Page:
Imposing Blue Grizzled doubletail male

BETTA FOODS
Next to water quality, what you feed your Bettas is most important. The key word to keep in mind is variety. Another important point is that Bettas are meat eaters. They do not browse algae and other vegetable matter. Your fish will prosper if you feed them a wide variety of high protein foods. Live Foods: Mosquito larvae would have to top the list. In their native range Bettas eat mosquito larvae every day. It is their primary food. If you are lucky enough (or should I say unlucky enough) to live in an area with a high mosquito population you can collect them yourself, feed them to your Bettas, and even store them for up to 2 weeks in a covered jar in the refrigerator. Brine Shrimp are full of nutrition and Bettas love them. You will have to set up a Brine Shrimp hatchery, buy some Shrimp eggs and salt, and hatch them out yourself, but it will be time and effort well spent. Some people think that you need adult Brine Shrimp for adult Bettas but you can use baby Shrimp for adults too. It just takes more of them to make an adult meal. Worms of various kinds are good Betta food. Microworms are a good size for baby Bettas. White Worms are big enough for adult Bettas. You will have to set up cultures and raise them. The cultures do not take up much space and the time required is minimal. Earth Worms are an excellent food source that is often overlooked by many. You can collect Earth Worms in your own back yard. You can also buy them at the local fish bait store and store them in the refrigerator. You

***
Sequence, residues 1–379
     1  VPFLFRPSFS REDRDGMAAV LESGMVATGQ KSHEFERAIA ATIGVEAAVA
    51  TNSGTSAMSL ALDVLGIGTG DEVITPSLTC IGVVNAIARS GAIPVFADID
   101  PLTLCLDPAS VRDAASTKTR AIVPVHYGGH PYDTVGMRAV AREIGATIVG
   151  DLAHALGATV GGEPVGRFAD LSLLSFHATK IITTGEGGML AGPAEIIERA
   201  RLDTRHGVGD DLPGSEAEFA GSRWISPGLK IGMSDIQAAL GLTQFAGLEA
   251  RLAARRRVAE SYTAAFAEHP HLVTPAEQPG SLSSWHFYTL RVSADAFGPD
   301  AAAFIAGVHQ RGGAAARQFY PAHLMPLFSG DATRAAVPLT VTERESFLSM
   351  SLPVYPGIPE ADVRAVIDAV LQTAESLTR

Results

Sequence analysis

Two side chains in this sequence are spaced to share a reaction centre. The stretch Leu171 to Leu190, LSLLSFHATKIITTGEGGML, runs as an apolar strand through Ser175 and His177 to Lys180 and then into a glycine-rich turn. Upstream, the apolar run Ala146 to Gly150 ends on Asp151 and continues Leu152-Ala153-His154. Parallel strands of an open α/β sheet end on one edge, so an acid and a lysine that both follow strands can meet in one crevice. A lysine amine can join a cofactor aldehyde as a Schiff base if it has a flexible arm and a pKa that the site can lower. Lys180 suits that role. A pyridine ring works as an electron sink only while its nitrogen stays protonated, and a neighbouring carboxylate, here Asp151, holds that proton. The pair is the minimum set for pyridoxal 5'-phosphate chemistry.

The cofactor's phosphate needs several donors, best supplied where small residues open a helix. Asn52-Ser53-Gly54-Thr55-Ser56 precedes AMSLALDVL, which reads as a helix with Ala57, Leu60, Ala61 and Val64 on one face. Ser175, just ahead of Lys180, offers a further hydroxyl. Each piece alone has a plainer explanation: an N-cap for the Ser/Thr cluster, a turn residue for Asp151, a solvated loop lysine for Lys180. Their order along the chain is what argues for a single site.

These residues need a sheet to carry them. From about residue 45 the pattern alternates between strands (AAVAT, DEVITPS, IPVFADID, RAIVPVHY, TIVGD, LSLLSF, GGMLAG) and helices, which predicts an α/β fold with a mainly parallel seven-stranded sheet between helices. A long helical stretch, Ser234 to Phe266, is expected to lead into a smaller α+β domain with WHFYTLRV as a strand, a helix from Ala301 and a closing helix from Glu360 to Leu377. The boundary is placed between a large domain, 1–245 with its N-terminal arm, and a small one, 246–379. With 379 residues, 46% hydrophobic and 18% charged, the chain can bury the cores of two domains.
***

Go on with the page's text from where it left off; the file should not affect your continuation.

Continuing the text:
will need to cut them up into bite sized chunks which can be tedious but, again, the rewards are great. My recommendation: Mosquito larvae and Earth Worms. Frozen Foods are not as good as live foods but they are better that dried commercial foods. The thing to watch out for with frozen foods is signs of thawing and refreezing. If the package appears to have been thawed and refrozen at some point, the food could be spoiled and not suitable for your Bettas. It could even be harmful to your fish if it was allowed to decay while thawed. You can buy frozen Adult Brine Shrimp and Baby Brine Shrimp both of which are excellent for your fish. Frozen Bloodworms and Mosquito Larvae are also readily available. Frozen Beef Heart is available but I am not sure how appropriate it is for you and your Bettas. The other frozen foods can be thawed in water and provide bite sized pieces, while the Beef Heart would probably involve a lot of trimming and cutting down to size. My recommendation: Frozen Brine Shrimp. Freeze Dried Foods are available in a wide variety of choices. Tubifex worms, Blood Worms, and Ocean Plankton seem to be the most readily available. The freeze drying process is quick and, therefore, traps most of the nutrients, making these types of food high in nutritional value. The storage life for freeze dried foods is quite long, even if the containers have been opened. Freeze dried foods are also cost effective and easy to feed. After all is considered, freeze dried foods are probably superior to frozen foods. My recommendation: Tubifex Worms and Blood Worms. Commercial Foods are, in my opinion, the least useful for raising Bettas. Many types and brands of flake food fill the retailers' shelves. You can get flake food made especially for almost any kind of tropical fish including Bettas. You can get flake food for any purpose such as color enhancing flakes, vitamin enriched flakes, and conditioning flakes. About the only flake food I use is Brine Shrimp Flakes, and then it is usually ground into a fine powder to feed to fry during emergencies when live brine shrimp production has failed. Pelletized foods are also numerous and inexpensive. Floating mini-pellets seem to be the most practical. Look for one that has high protein and low fat. Remember that commercial foods are made for convenience and most other types of foods are more nutritious.